"I recently came up with my favourite theory explaining Life the Universe and Everything. My revelation came after thinking about the fact that every atom in our body was once inside an exploding star — and that thought led to me to suspecting that humanity might well represent an attempt by the Universe to become self-aware."—Dana Walker
Two weeks ago I bought a hole punch and put two new holes in each of my belts—to make them more snug, in case you were wondering :-P
Some of the roads here are bad. Others are HORRENDOUS!
I read something on-line that I just love: "Don't make the mistake of believing everything you think."
After a bit of research, the best source I can come up with is that it's a paraphrase of the title of a book by Thubten Chodron
When I moved into my rental house in Đà Lạt, I noticed holes in the exterior masonry that are part of the design
and, I assume they are to let in fresh air. This one is on the exterior wall of my kitchen, right above the dining table. I'd seen them before and not really paid much attention.
We're in the Central Highlands at about 1500 meters (4900 ft) above sea level and the climate here is very mild—the record high is 31.5 degrees C (88.7F) and the record low is -0.6 C (30.9F). Few of the homes here have either heat or air conditioning and the openings allow circulation. Add to that my landlord's beautiful collection of Bonsai trees,
the containers of which contain standing water, and you get muỗi (mosquitos). A LOT of muỗi.
That's one Vietnamese word that, had I never needed to learn it, I would be much happier.
The beds in the house all have permanent mosquito nets installed on the wall and, for a while, I got into the habit of making sure it was tightly pulled around the bed each night.. though some nights the little SOBs found a crack and got to me. It wasn't like there were swarms, though even one is enough to get me thrashing at the air every time I heard the BZZZZZZZZZZZZZZZZ near my head. After only a few of those nights, I went to the local everything-for-sale market and bought some mosquito netting and some tape. The two "decorative" openings and the kitchen fan are now covered
but some still manage to find their way in via cracks between the window casings and the masonry (It's Việt Nam!), so I bought the ultimate in muỗi defense...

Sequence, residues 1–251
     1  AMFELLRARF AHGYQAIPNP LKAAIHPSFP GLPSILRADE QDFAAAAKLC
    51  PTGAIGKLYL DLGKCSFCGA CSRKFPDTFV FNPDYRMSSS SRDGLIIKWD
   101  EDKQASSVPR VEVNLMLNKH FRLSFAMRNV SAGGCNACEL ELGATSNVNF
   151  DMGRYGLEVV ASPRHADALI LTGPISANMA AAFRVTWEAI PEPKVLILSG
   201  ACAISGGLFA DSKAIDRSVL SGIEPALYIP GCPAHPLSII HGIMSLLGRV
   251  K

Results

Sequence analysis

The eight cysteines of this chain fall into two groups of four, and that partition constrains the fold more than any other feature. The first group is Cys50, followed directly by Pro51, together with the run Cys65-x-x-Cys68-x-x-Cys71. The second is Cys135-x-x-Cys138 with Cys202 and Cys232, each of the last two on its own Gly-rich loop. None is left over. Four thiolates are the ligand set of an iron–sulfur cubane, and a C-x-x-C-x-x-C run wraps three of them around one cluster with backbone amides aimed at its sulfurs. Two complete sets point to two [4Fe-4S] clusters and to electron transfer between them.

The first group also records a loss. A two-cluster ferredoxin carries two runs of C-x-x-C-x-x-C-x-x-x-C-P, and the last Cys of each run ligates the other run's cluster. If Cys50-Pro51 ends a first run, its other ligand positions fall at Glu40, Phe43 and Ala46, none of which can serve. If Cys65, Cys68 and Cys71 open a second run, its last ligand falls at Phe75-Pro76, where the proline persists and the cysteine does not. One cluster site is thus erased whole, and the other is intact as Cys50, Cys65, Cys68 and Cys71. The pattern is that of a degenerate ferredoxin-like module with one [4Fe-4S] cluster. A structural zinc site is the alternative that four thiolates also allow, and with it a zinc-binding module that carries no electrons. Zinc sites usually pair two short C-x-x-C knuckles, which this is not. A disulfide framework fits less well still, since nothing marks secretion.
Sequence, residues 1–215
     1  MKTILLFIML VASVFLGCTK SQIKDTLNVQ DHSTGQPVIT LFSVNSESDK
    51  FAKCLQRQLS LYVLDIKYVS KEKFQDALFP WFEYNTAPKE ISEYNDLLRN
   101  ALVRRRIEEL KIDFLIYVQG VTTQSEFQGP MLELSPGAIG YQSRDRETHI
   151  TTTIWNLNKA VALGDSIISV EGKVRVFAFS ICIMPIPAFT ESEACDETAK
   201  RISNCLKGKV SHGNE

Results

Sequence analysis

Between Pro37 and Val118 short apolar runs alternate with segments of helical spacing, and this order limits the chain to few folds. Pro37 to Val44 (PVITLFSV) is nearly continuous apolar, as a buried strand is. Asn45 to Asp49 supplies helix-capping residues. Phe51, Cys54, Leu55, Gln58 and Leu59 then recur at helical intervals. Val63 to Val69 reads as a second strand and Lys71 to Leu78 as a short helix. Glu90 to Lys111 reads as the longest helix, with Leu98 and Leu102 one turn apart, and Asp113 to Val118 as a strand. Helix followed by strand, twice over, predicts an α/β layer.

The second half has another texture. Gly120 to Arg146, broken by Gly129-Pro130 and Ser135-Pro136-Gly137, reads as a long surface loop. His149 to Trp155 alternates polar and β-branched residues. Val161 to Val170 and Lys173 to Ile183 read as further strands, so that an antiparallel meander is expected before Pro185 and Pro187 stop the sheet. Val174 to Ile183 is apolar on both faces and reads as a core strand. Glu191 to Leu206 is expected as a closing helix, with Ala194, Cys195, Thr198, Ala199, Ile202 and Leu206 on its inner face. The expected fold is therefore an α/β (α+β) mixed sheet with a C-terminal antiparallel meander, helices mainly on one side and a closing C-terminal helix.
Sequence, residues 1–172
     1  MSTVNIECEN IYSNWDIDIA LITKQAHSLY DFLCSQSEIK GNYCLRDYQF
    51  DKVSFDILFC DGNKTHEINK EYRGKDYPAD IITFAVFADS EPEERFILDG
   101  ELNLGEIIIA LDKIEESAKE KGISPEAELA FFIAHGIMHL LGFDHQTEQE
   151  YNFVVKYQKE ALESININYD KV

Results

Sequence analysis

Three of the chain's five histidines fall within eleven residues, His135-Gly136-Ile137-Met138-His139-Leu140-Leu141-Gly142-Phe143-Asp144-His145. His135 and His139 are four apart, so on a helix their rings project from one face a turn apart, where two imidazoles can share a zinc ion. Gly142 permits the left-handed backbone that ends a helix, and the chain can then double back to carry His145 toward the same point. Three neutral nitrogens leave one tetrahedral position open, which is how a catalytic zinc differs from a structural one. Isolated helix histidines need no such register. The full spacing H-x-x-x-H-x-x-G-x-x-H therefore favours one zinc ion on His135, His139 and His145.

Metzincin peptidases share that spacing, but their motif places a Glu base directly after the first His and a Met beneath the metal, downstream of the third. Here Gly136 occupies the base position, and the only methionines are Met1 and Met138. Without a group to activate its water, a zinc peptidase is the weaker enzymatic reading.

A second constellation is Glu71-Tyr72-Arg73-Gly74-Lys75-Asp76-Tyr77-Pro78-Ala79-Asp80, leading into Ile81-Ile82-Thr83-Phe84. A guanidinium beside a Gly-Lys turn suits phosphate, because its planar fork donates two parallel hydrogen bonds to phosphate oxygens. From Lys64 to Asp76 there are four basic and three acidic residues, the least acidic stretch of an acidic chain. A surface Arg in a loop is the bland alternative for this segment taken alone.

a muỗi racket! It's a rechargeable battery-powered electrocution device with three small LED bulbs at the top of the handle that light up your target for you. There is also an option to keep the light dark—stealth mode. In either mode, it makes a hugely satisfying sizzle when you connect! I used to laugh when I saw these in stores and now I laugh madly every time I connect (think Vincent Price at the end of "Thriller").
"You don't take photos for yourself, you take them for the old man you will become - if you are lucky." - Falang
When you come to Việt Nam, I strongly suggest that you try cháo gạo (rice porridge).
It's only 15,000VND (less than 75 cents US and quite filling.
“When you're in jail, a good friend will be trying to bail you out. A best friend will be in the cell next to you saying, 'Damn, that was fun'.” ― Groucho Marx
Gangster Saigon Street Vendors Preying on Unsuspecting Tourists
Survey: Only 6% of Tourists Return to Vietnam
33% of Foreign tourists return to Vietnam
There's no telling what the real return rate is. Talking with the few tourists I encounter, my guess is that it's less than 10%.
Dessert is rare in Vietnamese restaurants, though there are bakeries and ice cream parlors. I am Jones-ing for good dark chocolate!
When you order scrambled eggs for breakfast, in most cases you will get diced, uncooked onions mixed in. If you don't like uncooked diced onions first thing in the morning, be sure to specify "không có hành tây" (kum cor han ti).
Vietnam Set to Become SE Asia's Economic Powerhouse
It's amazing how much rice I'm eating and enjoying. At least twice a week I'm having com chiên hải sản (seafood fried rice) for either lunch or dinner, and I no longer hesitate to order cơm gà (a mound of white rice with a piece of boiled chicken)... all because I now know to add sliced chili peppers to the omnipresent small bowl of soy sauce.
The transformation is amazing!
The Vietnamese government's import duty on automobiles is 100%. The ability to pay US$200,000+ for a sports car in a country where less than 3% of people drive cars is sometimes exclusive of what would pass for good taste in the most of the West.
When ordering what I thought was pho gà, I got this The brain-looking white bits were chewy and "funny-tasting" and I only ate a bit of one. I'm guessing that there are a few other pieces in there that, in the west, only a butcher could identify. I was unable to determine, even after asking, what part of the chicken those orange balls are, but I couldn't make myself eat them. Is there a poultry version of Rocky Mountain Oysters?